At the Kastenmeler hearings, Judge Hart refused to answer almost every question of substance on grounds of national security. He showed great deference toward the Justice Department, praising the “dedicated personnel” there for doing a “wonderful job” on their requests for surveillance orders. It seems never to have occurred to him that a member of the department might abuse the law or try to stretch it. He seemed oblivious to the department’s record of flagrant surveillance abuses under almost every President since Woodrow Wilson. It was the Justice Department, after all, that authorized the Federal Bureau of Investigation to tap and bug Martin Luther King Jr. That occurred under Attorney General Robert Kennedy, a nominal liberal. But Judge Hart seems to have long had a tolerant attitude toward the department. When Richard Kleindienst came before him in 1974 to be sentenced for having perjured himself in testimony to a Congressional committee about Richard Nixon’s effort to influence the department’s handling of the I.T.T. antitrust case, Hart imposed a $100 fine and offered the Attorney General heaps of sympathy.

Judge Hart told the committee that the special court exercises no supervision after taps and bugs are installed. Consequently, there is no way of knowing if Federal agents observe the provisions in the act that limit the number of conversations they may overhear, record and disseminate to other Federal and state agencies and that seek to minimize the intrusiveness of a surveillance. Although FISA authorizes the judges on the special court to “assess the Government’s compliance with the minimization procedures,” Hart said that the court reviews only the Justice Department’s general procedures and does not seek to determine if the government has complied with the law in specific surveillances.

Judicial diffidence in the face of the government’s national security claims is responsible for another worrisome development. Prior to 1978, when FISA was enacted, criminal defendants would not infrequently discover that they had been overheard on so-called national security wiretaps. The government always claimed that the taps had nothing to do with the criminal case, but in some instances that claim was ludicrous. In the F.B.I. investigation of the Jewish Defense League, for example, a massive “national security” surveillance on every telephone line in the group’s office continued for a month after the start of a criminal prosecution for bombing the offices of Amtorg, a Soviet trading firm in New York City, and ended only after the existence of the taps was revealed by the government.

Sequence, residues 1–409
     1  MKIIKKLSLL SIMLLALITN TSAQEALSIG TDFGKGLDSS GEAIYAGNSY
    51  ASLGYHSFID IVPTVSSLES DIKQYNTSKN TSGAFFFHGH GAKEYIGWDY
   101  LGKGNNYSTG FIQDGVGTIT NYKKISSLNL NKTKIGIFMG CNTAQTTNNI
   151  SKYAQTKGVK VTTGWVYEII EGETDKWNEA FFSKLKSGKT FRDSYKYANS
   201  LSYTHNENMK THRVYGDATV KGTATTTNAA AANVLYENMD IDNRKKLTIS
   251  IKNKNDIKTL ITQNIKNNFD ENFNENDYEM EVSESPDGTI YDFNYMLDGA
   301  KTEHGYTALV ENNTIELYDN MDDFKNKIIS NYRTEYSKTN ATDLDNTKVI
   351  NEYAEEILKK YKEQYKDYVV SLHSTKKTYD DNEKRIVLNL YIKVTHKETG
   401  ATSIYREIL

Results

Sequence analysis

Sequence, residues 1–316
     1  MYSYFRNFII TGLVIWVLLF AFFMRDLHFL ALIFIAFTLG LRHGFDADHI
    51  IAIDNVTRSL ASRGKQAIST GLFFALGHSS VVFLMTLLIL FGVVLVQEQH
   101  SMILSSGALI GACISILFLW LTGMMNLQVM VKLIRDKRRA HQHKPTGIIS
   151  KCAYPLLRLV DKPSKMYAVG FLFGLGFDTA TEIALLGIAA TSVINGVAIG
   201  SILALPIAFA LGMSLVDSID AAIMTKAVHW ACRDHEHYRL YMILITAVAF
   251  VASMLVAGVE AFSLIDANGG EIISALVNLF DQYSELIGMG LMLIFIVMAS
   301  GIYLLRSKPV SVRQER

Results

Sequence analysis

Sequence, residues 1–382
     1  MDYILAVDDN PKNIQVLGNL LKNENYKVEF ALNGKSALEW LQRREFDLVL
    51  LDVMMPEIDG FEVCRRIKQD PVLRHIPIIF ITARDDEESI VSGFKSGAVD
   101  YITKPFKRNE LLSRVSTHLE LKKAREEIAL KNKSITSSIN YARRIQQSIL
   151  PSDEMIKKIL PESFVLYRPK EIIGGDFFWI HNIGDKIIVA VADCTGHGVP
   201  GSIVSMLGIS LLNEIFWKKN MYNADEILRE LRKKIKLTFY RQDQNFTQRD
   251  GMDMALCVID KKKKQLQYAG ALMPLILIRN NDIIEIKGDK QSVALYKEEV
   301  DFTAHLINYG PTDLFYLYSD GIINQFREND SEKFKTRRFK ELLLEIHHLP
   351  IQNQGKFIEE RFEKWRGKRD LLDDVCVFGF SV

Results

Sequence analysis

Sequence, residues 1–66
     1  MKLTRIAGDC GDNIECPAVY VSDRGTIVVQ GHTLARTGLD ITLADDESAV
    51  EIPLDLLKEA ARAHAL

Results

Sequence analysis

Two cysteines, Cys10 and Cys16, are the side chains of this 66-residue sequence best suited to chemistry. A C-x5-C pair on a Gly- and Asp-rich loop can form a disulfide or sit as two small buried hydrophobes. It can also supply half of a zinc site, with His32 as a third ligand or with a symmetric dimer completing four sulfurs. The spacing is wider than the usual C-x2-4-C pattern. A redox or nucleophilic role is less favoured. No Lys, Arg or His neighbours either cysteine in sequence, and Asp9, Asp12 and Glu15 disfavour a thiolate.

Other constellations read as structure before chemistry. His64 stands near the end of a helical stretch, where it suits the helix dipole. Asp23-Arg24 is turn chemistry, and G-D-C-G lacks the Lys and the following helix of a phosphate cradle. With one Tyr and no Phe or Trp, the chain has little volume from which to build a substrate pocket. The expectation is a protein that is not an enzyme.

FISA procedures are less stringent than those under the act authorizing law enforcement wiretapping. The enactment of FISA has thus not eliminated the incentive to use intelligence gathering authority improperly to obtain evidence for criminal prosecutions. The few courts that have dealt with this problem have made it so easy for the prosecution to successfully deny misuse of FISA that in this respect the government is under no restraints at all. These courts have made their decisions turn on ascertaining the government’s “primary purpose,” an elusive standard at best. Since the decisions are made without any participation by the defendants, the judges hear only the government’s side, without its being subjected to cross-examination.

Some trial court rulings on such evidence have been simply implausible. In a case involving I.R.A. gunrunning in this country, for example, a Federal court in Brooklyn held that evidence obtained by wiretaps authorized under FISA would be admissible because the government’s “primary purpose” in obtaining it had been to collect intelligence information, not to prosecute American supporters of the I.R.A. Yet, for some time before the taps were installed, the U.S. government had been pressed by the governments of Ireland and Great Britain to bring criminal proceedings against Americans who were supplying guns to the I.R.A., and the targets of the surveillance were indeed Indicted and tried.

Not even mentioned at the Kastenmeier hearings was the massive surveillance program carried out by the National Security Agency, which was exposed by the Church committee and discussed in James Bamford’s book The Puzzle Palace. In the early 1970s, the N.S.A. participated in President Nixon’s war on drugs and worked with the Central Intelligence Agency under Operation Chaos to spy on protesters against the Vietnam War. For thirty years the N.S.A. ran its own surveillance program, known as Operation Shamrock, under which international cable companies turned over all their cable traffic to the agency. The information thus obtained was then disseminated to other Federal agencies, including the Justice Department, which used it in criminal prosecutions. N.S.A. surveillances touched not only suspected drug dealers but also antiwar activists, civil rights workers, Cuban exiles and such prominent Americans as Dr. Benjamin Spock, Joan Baez, Martin Luther King Jr. and Jane Fonda.

After the Church Committee exposed its illegal activity, the agency promised to mend its ways. But by taking advantage of loopholes in FISA, it is still engaging in electronic monitoring. The extent of its activities and whether they involve abuses like those committed in the past are not known, partly because the courts have blocked inquiries into N.S.A. procedures by allowing the government to Invoke the “state secrets” privilege.

Obviously judicial scrutiny and legislative oversight of the administration of FISA are essential if the act is to achieve its purposes. Since there is no requirement in the act that targets of surveillance must be notified in all cases, there is little chance that anyone will challenge the legality of a tap or bug. Judge Hart’s testimony, scanty as it was, provides little reassurance about judicial oversight. And Congress has not done what Morton Halperin has urged it to do: “insist upon a right of access, which…the statute clearly contemplated…insist upon seeing the full text of the whole record in some number of cases, randomly selected.” More over, the annual reports by the House and Senate intelligence committees are no longer required by the act.

This is not to say there have been abuses. We just don’t know. It may well be that most surveillance orders have been permissible under the law. The mere existence of FISA and its provisions for some external checks has probably forestalled some of the more egregious abuses. But the statute, with its elaborate provisions for judicial scrutiny and legislative oversight, was passed not just for easy cases but also for those where a careful look is both appropriate and necessary. As things stand, that hard look is missing.